How to use data caching during network operations (HTML)

This topic shows how to use data caching with network operations in a Windows Runtime app.

Caching network content as app data

Storing content to disk lets your app behave fast and fluidly in situations where an app is unexpectedly terminated or use of a network is limited. For example, an RSS feed reader app can immediately display feeds that were cached to disk from a previous session. Once the latest feeds are available, the app can update its content. This ensures that the user has content to view immediately upon launch while waiting for new content updates.

Windows 8.1 provides the ApplicationData class in the Windows.Storage namespace. This class provides access to the app data store. Application data is mutable data that is specific to a particular app. It includes runtime state, user preferences, and other settings. Application data is created, read, updated, and deleted when the app is running. For more information, see Accessing app data with the Windows Runtime.

Files transferred by your app through network operations can be cached as app data in either the Roaming, Local, or Temporary folders.

Note  Windows Phone 8.1 also includes a special Cache folder for files that are intentionally saved or removed by your app.


Folder Description

Files remain on the machine on which they were originally written and are not synchronized with other devices.


Files are subject to deletion when not in use. The system considers factors such as available disk capacity and the age of a file when determining when or whether to delete a temporary file.


Files are synchronized across devices where users have signed in with connected accounts. Roaming of files is not instant; the system weighs several factors when determining when to send the data.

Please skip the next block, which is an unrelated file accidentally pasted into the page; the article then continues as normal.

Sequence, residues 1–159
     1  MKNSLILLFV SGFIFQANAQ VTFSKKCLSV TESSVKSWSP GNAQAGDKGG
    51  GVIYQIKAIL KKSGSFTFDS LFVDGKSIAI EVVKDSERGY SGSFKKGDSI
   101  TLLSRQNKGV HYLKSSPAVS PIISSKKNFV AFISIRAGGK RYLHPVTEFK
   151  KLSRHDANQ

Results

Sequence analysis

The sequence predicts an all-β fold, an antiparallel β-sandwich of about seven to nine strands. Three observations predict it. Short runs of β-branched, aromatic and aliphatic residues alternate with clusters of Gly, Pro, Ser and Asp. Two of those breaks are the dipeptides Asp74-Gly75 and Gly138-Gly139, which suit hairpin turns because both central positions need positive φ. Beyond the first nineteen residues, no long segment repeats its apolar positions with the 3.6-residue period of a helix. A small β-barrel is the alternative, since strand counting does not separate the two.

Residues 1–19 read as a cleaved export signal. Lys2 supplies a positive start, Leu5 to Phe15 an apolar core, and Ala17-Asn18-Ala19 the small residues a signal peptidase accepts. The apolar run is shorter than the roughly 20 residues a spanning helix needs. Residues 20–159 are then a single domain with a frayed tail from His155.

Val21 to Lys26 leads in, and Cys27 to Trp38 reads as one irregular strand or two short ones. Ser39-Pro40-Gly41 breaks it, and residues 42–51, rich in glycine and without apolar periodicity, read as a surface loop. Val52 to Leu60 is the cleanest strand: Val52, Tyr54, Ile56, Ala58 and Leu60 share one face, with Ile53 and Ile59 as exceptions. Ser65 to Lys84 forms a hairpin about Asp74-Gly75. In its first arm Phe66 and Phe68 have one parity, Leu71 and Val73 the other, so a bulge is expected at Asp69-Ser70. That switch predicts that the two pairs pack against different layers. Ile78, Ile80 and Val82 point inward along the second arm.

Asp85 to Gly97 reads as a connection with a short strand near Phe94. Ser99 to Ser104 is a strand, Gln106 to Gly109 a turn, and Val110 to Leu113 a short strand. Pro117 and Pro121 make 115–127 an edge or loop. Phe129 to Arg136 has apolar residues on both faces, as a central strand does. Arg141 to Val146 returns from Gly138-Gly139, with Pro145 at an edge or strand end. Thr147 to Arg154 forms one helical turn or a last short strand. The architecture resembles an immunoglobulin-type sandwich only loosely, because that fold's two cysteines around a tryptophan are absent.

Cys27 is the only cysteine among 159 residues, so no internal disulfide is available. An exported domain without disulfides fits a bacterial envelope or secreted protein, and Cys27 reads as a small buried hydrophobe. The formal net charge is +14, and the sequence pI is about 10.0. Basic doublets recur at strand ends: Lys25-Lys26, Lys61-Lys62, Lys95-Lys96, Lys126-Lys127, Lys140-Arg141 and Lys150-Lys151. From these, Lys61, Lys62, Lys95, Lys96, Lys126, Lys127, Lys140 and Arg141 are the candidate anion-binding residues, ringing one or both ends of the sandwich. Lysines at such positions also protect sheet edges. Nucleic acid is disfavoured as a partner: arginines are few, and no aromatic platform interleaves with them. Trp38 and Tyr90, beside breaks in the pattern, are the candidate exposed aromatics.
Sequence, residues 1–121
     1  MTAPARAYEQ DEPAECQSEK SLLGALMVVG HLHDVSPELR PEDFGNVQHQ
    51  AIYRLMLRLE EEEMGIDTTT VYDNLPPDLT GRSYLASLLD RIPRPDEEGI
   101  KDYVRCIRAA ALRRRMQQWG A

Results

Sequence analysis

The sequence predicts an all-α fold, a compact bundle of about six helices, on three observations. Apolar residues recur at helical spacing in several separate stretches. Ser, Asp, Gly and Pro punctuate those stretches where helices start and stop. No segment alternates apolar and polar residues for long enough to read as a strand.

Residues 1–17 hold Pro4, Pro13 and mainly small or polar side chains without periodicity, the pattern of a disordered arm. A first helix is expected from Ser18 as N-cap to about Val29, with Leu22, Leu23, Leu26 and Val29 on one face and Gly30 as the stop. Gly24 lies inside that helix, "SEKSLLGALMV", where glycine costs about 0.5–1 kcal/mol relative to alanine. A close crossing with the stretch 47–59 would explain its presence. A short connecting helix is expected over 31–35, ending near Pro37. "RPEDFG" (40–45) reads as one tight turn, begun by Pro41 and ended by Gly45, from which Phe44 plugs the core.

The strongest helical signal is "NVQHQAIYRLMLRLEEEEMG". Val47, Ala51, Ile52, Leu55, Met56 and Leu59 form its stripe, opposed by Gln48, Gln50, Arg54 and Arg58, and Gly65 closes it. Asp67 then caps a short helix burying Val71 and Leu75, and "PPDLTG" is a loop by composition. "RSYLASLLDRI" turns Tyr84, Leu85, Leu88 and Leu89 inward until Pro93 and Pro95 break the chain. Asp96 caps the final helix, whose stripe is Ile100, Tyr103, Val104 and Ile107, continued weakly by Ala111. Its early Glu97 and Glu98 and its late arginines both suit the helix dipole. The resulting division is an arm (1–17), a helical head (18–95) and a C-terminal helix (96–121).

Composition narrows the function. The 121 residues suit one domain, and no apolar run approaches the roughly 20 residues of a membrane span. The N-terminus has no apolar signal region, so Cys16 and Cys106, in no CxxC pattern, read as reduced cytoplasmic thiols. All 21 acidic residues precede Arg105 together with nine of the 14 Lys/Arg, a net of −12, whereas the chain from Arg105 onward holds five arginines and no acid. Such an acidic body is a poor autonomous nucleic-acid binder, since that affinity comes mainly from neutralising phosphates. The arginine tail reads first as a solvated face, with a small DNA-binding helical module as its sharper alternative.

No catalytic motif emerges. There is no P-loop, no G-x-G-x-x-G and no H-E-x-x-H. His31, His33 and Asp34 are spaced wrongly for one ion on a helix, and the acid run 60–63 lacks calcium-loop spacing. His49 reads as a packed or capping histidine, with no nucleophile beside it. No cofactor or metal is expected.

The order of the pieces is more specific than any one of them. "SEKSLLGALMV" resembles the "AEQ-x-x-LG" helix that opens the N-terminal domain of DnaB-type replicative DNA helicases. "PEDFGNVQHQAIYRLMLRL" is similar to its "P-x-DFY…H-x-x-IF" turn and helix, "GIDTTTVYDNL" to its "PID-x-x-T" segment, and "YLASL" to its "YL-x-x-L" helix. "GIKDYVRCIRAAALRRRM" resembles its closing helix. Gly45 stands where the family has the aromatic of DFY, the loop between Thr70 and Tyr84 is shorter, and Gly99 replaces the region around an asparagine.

Usage of roaming data should be kept below the quota, defined by the RoamingStorageQuota property, or else roaming of data will be suspended. Files cannot be roamed while an app is still writing to them, so be sure to close your app’s file objects when they are no longer needed.


The code snippets below demonstrate the caching of a server response, in the form of a .txt file from a network operation, as app data to the Roaming folder. The code then demonstrates how to retrieve cached content using the associated filename.


First we define a reference to Roaming folder. Next, our cacheResponse example creates a new file within the Roaming folder, and indicates that any existing file with the same name should be replaced. Once the file has been created, the contents are written to the new serverResponse.txt file from the file originally returned with the server response.

var roamingFolder = Windows.Storage.ApplicationData.current.roamingFolder;
var filename = "serverResponse.txt";

function cacheResponse(strResponse) {
    roamingFolder.createFileAsync(filename, Windows.Storage.CreationCollisionOption.replaceExisting)
        .done(function (file) {
            return Windows.Storage.FileIO.writeTextAsync(file, strResponse);

To access the cached serverResponse.txt file at a later time, our getCachedResponse example retrieves the file by name, defined by filename, and displays the text it contains.

function getCachedResponse() {
        .then(function (file) {
            return Windows.Storage.FileIO.readTextAsync(file);
        }).done(function (response) {
        }, function () {
            // getFileAsync or readTextAsync failed. 
            // No cached response

Caching content included with the server response as app data will allow for fast access and display following an app termination and relaunch. For more details on writing settings to the app data store and how to respond to roaming events, read Managing app data or download the Application data sample.

Application data sample

Quickstart: Local app data

Quickstart: Roaming app data

Quickstart: Temporary app data

Guidelines for Roaming app data